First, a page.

Marcos Posada, Managing Partner, Illinois Litigation Marcos.Posada@mccalla.com
By this time last year, the summer of 2019 was coming to a close and my fellow managing partners and I were finishing off the final leg our witness training campaign which took us across the country. Thousands of miles later, we found ourselves tired in the fall but feeling like we were able to make quite a difference for our clients. One of the most memorable takeaways I had from my experience ‘on the road’ was the feeling of being able to teach many how to prepare as a witness.
We began our witness trainings with an inclusive event held at the USFN headquarters in Dallas Texas in May 2019. It was exciting to speak to over 50 various client attendees with virtually every mortgage servicer in attendance. The training provided a summary of what to expect in a deposition, testifying at trial, handling mediations, how to handle difficult questions, how to interact with your counsel during testimony and how to prepare for testifying before your big day. We offered a mock deposition and mock trial to provide real life exposure to help potential witnesses gain comfort on what to expect. Many clients had testified in numerous matters and were considered highly experienced witnesses whereas some of our attendees never had the opportunity to be deposed or testify at trial.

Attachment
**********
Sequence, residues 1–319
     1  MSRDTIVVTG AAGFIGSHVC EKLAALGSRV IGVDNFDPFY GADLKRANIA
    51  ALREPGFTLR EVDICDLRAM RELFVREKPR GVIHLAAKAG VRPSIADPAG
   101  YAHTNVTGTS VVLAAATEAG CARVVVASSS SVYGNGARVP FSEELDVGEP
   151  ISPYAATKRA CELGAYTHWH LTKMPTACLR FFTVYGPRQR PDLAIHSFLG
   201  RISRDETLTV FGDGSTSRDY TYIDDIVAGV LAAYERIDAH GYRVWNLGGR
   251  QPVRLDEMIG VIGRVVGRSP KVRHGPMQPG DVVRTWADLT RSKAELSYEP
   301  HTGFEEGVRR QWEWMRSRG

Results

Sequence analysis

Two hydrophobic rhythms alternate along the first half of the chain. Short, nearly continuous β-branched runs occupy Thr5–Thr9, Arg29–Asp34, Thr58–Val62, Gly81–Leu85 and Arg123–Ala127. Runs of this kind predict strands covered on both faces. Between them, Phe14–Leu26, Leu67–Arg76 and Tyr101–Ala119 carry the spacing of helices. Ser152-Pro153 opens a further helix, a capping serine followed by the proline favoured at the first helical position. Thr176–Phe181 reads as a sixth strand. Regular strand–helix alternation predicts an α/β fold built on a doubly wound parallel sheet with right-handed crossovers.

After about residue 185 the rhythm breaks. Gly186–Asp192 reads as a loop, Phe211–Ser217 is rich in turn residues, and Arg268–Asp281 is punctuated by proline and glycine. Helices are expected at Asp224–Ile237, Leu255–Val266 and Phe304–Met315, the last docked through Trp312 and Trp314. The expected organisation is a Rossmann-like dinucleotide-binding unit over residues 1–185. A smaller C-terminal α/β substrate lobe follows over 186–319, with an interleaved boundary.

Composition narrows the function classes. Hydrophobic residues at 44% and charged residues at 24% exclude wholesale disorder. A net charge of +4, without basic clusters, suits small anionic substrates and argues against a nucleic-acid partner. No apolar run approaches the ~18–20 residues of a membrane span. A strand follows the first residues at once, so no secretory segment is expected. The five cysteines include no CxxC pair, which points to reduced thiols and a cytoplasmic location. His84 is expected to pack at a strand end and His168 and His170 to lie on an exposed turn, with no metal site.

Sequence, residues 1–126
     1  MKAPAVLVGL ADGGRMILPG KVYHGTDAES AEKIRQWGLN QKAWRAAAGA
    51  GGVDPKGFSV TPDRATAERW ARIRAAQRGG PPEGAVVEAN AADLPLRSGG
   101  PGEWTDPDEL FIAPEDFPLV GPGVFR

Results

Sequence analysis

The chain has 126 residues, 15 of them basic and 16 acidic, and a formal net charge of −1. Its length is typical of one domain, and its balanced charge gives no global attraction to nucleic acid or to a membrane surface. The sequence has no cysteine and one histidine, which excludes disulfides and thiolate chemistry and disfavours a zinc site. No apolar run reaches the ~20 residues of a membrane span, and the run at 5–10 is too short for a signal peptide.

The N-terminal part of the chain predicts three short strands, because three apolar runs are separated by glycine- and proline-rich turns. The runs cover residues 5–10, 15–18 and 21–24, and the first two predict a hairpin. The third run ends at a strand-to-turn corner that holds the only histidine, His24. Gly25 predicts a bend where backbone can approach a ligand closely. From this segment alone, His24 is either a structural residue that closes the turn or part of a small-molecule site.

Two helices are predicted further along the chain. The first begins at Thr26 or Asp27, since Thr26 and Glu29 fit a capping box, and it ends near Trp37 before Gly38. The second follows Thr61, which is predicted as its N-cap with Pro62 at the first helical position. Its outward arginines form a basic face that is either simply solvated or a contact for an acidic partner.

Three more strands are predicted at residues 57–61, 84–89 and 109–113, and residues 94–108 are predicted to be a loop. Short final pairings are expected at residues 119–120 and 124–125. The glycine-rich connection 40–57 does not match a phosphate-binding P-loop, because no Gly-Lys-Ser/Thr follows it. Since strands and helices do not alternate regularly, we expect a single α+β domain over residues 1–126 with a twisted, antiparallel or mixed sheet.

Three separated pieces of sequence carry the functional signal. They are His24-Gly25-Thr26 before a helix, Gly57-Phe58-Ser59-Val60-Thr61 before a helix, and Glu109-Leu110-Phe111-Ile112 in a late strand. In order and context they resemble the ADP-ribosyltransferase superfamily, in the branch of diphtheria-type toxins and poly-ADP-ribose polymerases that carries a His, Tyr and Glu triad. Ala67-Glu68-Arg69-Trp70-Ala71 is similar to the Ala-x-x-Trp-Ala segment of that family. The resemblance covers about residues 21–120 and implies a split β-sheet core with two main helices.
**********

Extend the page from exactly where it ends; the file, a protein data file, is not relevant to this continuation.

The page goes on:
My focus was on depositions. Most counsel have their horror stories from a certain deposition that stood out to them. Mine involved a highly contested mortgage foreclosure that had been pending for several years. I ended up having to cancel a deposition due to a flaw in the manner which my witness signed off on something; which I was able to discover at our deposition preparation call.
One of the initial comments I offered to our clients during our witness training was that we know you are busy, but we need your time to prepare you ahead of the deposition. Typically, a deposition preparation call will take about an hour, but it could certainly require more time. It depends on the complexity of the case and issues raised, but the point was – witnesses must make time to speak to their counsel and counsel should be contacting witnesses to prepare well in advance of the deposition. Approximately half of our audience in Dallas raised their hands when I asked how many of them had the type of preparation with their counsel as we had just provided them in our training. Many witnesses in attendance told us that they frequently didn’t speak to their counsel until their arrival at the courthouse having spent zero time preparing for their big day. These results were shocking to me, but as we continued traveling the country visiting various servicers, the feedback we obtained was that our witness training was invaluable and well received.
The art of witness preparation is fine-tuned through experience and hard work. Take the time to prepare ahead of time and make sure to be in constant communication with your counsel. If you do this, you should have a much better experience in providing your testimony. As always, MRLP is just a phone call away if you need any help.